Loved this book, I found it both profound and moving. Doig's book is as refreshing as a cool breeze on a long hot autumn day. The book doesn't have a cynical 21 century bone in its binding. The boys and father are moral, wise and courageous. It seems that almost every critically acclaimed book written in our times has to teach us how we are all the same. How America is racist, homophobic, misogynistic and/or greedy. It just gets to be so tiresome hearing this droning chant go on and on in modern literature. It is a great pleasure to have book that is both beautiful and wholesome.
This is an odd retelling of Hamlet in Wisconsin on a Dog Farm rather than in Denmark. It is pretty well done, but somewhat overlong it, and a little too wordy. Kudos to the author for an excellent debut novel. Apparently, I was not the only reviewer who felt it was a retelling of the Hamlet because they referenced Hamlet as well. One of the many things this author could have learned from Shakespeare is that "brevity is the soul of wit" and cut the book in half. Still it is well done. Of course, that is just one opinion. I would recommend "The Whistling Season", it has similar pacing and narration but it is a better tale.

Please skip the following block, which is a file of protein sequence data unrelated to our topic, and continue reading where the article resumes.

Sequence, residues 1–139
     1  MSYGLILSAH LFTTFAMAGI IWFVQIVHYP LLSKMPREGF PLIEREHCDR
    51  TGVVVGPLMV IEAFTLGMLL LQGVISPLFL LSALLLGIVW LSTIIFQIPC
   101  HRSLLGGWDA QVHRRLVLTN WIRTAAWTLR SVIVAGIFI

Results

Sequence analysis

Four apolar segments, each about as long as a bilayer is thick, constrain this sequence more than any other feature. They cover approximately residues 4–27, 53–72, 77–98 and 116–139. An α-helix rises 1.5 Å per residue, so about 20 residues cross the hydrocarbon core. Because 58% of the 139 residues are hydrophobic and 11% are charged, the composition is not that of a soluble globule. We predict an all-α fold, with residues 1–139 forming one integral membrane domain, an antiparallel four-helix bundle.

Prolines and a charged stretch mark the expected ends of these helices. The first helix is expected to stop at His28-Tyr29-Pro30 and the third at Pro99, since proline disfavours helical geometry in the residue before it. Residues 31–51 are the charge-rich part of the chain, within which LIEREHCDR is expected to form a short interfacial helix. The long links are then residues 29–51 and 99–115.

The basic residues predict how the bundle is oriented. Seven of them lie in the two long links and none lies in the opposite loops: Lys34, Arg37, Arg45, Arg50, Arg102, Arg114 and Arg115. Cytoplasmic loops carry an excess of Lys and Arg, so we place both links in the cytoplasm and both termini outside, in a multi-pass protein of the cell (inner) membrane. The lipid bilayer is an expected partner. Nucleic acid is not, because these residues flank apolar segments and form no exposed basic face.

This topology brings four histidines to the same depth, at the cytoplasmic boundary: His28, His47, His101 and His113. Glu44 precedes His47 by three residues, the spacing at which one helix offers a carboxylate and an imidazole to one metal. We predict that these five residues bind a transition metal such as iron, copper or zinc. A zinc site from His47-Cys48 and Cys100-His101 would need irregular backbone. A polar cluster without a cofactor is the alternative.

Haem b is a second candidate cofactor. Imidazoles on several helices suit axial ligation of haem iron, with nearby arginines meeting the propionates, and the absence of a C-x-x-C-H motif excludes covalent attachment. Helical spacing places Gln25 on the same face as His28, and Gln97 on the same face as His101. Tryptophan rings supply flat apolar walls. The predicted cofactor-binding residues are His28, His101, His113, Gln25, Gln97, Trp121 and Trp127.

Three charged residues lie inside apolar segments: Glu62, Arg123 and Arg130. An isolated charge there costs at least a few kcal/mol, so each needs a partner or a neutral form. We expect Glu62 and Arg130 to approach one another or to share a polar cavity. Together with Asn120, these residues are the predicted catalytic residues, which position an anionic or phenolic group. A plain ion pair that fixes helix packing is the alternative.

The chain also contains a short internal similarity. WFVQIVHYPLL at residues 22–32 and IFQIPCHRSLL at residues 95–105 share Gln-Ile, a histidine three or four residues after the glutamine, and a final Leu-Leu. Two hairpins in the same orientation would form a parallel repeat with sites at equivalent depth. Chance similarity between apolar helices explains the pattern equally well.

The book was well written, but a little over long. The narration by John Lee was exceptional. My main complaint with the book is that the all of the heroic and sympathetic characters attitudes and ideologies were from our time not from Medieval England for me this made the story quite implausible.
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